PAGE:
TRURO – As a former economic development professional in the Annapolis-Digby area, Joy O’Neill used to make business trips to the Truro/Colchester County area with “envy in my heart.”
But now, after recently becoming the economic development officer for Colchester County, O’Neill said it is she who is viewed in a similar light by others.
“And they actually envy me,” she said, of her business peers. “It’s really encouraging to hear that from other economic development professionals, you know, who tell me, ‘we wish we had an economy with as much potential as Colchester has.”’
The position of economic development officer for Colchester County is a new one that was created to help fill the void left by the recently disbanded Colchester Regional Development Agency (CoRDA).
For the past seven years, O’Neill served in a similar capacity with the Annapolis‐Digby Regional Development Agency where her portfolios included the tourism, manufacturing, retail and agriculture sectors.
O’Neill holds a masters degree as well as a certificate in economic development, she has corporate management experience, has worked on Wall Street in New York and has a background in international banking.
Her role with the county will include developing, implementing, monitoring and evaluating economic and business development initiatives within the municipality, including providing support to ongoing developmental activities and the business community.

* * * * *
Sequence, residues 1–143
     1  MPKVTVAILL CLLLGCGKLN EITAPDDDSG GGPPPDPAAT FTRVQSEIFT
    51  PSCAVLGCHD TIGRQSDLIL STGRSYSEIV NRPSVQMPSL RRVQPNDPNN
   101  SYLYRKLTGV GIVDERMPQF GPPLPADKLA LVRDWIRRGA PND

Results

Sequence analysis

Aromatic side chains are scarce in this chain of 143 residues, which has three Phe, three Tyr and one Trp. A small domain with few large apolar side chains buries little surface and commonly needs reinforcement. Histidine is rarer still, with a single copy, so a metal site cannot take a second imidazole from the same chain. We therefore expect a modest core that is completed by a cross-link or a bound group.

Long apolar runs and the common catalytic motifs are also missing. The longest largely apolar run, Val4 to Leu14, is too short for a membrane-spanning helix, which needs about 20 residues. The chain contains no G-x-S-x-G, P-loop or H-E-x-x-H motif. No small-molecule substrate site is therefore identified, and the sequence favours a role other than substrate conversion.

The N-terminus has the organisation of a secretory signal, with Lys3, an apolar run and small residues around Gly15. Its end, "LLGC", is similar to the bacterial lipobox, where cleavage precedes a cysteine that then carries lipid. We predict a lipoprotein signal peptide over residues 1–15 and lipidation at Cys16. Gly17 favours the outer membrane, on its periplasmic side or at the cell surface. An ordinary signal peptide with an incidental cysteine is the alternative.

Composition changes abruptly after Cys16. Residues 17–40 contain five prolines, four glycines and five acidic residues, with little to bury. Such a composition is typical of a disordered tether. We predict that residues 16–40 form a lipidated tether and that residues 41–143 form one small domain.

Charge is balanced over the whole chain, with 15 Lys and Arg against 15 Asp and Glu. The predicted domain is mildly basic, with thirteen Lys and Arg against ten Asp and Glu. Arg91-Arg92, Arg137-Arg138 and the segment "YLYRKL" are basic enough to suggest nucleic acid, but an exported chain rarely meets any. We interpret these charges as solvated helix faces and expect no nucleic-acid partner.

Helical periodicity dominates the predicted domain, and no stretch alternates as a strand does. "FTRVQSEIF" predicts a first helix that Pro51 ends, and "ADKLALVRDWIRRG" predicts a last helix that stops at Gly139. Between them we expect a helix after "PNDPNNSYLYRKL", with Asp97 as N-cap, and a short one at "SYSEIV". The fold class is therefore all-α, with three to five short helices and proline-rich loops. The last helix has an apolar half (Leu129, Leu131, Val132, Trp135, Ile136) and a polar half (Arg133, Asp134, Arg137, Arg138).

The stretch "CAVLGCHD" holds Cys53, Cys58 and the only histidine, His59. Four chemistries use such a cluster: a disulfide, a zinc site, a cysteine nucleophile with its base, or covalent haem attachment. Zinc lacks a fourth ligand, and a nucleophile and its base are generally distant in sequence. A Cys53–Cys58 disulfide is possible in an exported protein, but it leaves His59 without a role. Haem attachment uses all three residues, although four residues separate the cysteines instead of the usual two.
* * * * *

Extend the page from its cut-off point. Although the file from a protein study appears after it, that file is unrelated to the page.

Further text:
O’Neill said she understands firsthand the challenges faced by smaller-scale Nova Scotia businesses and is “very excited” to be working for a community with economic potential that she said is without doubt the envy of other municipalities.
“The business atmosphere I find is very, very positive. Business in general seems to have a ‘can do’ attitude here. I see a lot of innovation, a lot of positivity,” she said.
“The statistics show that it’s basically HRM (Halifax Regional Municipality) and the Truro/Colchester area that are the growth regions in the province. And, obviously, there is good reason for that,” O’Neill added, of the strong business tradition and innovation that exists here.
“I came here with envy in my heart. It was really encouraging to see a region where there was growth, where there was a relatively strong economy.”
And it doesn’t hurt, as well, she said, that a son (one of her four adult children) and two grandchildren also live in the area.
“It’s been a really good atmosphere,” she said.